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A close-up look at Carleton’s wind turbines

When winter winds bite and your fingers freeze in the bitter cold of the Minnesota February, you can find solace in the fact that the gust of wind that just knocked the air out of your lungs is in fact powering about 40% of Carleton’s total electricity load, according to the Facilities Management’s fact sheet on the college’s wind turbines.

Carleton is the proud owner of two wind turbines, 1.65 and 1.6 megawatts respectively, that reduce the college’s CO2 emission by 1.5 million tons over its 25 year life-span, according to Facilities Management. With approximately 6.6 tons of greenhouse gases emitted per person per year and about 82% of those emissions created from burning energy to power electricity and cars, Carleton’s sustainability efforts make a real difference on campus.

According to the Department of Energy, wind turbines convert wind energy into electricity by capitalizing on the aerodynamic force from the rotor blades as the difference in pressure on the sides of a blade simultaneously causes lift and drag. Since the lift is stronger than the drag, the rotor, connected to a generator, begins to spin, producing electricity.

Carleton’s first wind turbine was erected in 2004 and its second was built in 2011. The turbine costs $1.8 million, which Carleton is covering using college funds and a Minnesota Department of Commerce $150,000 grant. Xcel Energy Company buys the turbines’ energy at 3.3 cents per kilowatt-hour for all energy produced, with the 1.65 megawatt turbine producing 5,000,000 kilowatt-hours a year.

The second turbine was financed through a grant provided by alumni Richard and Laurie Kracum (both ’76).

According to Martha Larson, Carleton’s Manager of Campus Energy and Sustainability, plans to build more wind turbines are not in the near future.

“A lot will change with renewable energy when battery technology becomes truly commercially viable, when it becomes safe enough and small enough and affordable enough to be used en masse,” explained Larson. “For us, that would mean when the turbines are producing a lot of energy at night, which is when our loads are the lowest and we don’t need it all, instead of selling it back for this really cheap wholesale rate, we would store it in batteries and use it the next day when we need it. We’re keeping an eye on battery technology and energy storage technology of all types in general.”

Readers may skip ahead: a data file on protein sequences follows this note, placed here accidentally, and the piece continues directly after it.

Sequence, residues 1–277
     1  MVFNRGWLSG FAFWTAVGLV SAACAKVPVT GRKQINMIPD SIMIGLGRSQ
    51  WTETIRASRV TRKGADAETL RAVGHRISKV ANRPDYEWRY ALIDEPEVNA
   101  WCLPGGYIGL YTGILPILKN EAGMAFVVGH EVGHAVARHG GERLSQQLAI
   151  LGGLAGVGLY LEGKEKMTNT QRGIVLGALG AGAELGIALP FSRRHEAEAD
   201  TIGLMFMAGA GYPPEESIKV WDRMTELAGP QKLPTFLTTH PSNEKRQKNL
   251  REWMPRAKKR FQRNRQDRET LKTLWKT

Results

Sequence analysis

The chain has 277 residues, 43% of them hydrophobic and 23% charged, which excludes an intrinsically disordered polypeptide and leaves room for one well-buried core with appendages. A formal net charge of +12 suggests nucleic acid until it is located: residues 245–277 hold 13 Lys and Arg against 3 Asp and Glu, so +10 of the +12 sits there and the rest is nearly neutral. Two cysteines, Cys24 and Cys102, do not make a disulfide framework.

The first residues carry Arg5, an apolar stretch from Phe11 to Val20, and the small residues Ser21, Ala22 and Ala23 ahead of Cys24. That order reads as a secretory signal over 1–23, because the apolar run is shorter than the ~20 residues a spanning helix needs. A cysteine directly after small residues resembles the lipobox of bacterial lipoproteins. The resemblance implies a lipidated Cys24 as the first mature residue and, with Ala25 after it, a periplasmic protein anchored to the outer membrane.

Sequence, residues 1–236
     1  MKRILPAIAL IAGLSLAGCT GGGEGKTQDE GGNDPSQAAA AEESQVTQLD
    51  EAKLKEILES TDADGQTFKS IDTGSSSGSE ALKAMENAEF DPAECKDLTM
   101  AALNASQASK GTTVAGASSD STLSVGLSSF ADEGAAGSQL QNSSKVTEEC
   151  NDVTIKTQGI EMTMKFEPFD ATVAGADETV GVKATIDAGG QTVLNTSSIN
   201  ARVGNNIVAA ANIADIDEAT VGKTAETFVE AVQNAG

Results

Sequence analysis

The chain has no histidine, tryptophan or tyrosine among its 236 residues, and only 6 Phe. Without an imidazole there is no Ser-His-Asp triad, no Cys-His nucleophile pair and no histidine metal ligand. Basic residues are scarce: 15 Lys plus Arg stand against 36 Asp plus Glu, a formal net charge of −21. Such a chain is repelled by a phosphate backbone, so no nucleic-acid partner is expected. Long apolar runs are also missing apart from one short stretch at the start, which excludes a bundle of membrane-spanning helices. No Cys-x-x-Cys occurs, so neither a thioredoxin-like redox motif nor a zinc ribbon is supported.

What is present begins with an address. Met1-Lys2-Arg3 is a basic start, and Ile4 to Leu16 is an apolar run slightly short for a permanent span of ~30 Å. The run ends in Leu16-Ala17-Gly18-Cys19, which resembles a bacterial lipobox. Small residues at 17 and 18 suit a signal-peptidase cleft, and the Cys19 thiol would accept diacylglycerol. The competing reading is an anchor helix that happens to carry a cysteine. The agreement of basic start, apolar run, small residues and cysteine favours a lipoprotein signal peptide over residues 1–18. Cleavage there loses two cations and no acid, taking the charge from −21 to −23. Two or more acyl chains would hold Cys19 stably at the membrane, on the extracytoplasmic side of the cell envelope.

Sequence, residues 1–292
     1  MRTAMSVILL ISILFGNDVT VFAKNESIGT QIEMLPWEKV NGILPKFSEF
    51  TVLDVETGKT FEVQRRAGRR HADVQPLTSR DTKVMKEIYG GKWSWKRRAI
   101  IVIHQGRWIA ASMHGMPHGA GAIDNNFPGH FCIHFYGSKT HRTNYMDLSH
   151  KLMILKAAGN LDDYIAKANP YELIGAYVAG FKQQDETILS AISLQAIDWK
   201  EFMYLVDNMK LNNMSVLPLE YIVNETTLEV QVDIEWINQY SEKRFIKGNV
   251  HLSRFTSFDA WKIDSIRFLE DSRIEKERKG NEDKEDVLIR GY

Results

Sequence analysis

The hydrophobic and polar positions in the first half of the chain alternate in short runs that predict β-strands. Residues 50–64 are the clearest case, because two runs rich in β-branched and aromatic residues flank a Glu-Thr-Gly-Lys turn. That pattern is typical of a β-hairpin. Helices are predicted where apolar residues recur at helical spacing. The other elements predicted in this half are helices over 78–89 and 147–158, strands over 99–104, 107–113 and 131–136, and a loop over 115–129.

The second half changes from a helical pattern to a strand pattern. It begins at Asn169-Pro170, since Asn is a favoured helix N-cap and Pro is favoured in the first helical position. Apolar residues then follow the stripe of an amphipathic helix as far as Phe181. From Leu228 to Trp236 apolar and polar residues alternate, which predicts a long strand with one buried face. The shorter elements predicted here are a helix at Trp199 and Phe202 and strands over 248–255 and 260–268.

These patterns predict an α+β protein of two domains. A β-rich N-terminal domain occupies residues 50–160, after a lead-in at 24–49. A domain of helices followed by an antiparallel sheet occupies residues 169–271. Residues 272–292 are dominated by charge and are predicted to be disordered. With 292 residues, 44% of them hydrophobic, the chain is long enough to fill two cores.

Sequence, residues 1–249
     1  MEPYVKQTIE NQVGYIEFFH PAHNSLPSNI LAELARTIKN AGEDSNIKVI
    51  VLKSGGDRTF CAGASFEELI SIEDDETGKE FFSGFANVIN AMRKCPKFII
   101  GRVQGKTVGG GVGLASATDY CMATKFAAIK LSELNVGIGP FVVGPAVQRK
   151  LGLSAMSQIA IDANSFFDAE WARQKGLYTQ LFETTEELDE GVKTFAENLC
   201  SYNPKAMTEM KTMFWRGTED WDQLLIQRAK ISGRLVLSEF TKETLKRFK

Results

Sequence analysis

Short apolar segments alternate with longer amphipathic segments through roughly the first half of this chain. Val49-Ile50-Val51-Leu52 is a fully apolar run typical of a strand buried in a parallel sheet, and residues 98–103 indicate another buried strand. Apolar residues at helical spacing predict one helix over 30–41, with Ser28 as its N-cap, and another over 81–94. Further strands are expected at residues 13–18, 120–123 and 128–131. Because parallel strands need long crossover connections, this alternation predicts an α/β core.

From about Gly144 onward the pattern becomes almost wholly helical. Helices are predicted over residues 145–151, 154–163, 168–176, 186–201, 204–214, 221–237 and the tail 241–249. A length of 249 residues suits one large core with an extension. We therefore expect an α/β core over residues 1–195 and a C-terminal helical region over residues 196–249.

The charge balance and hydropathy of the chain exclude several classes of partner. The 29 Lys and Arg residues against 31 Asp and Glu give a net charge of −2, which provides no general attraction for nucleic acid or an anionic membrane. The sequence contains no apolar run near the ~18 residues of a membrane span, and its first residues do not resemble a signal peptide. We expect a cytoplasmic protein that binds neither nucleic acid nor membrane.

“If such technology was available, then the college would only be faced with the siting issue, not the economic issue,” said Larson. Since wind turbines need to be close enough to the school to be tied into the electrical grid but far enough away that they are not close to a road or house, finding a location for the massive structure requires some creativity. Larson explains that the only available place would be in the Arboretum, which is not a truly available space as the college wants to maintain the natural environment and not install a huge, man-made object.

As for non-wind turbine related future plans, Larson said, “an obvious first step would be with energy conservation. We want to get LED lights in and upgrade mechanical equipment and controls.”

After conservation, Larson wants to focus on how to make more green energy.

“We have a 10 year old Climate Action Plan and we ended up doing very different things than we thought we might do. We’re working on what those next 10 years will look like now and our hope is that that can be a whole campus conversation, not just a Sustainability Office conversation. Since the last 10 years looked so different than we thought they would in 2010, we’re really trying to figure out how to plan for the next 10 years. I can’t wait to have those conversations and ask the campus what they want to see.”

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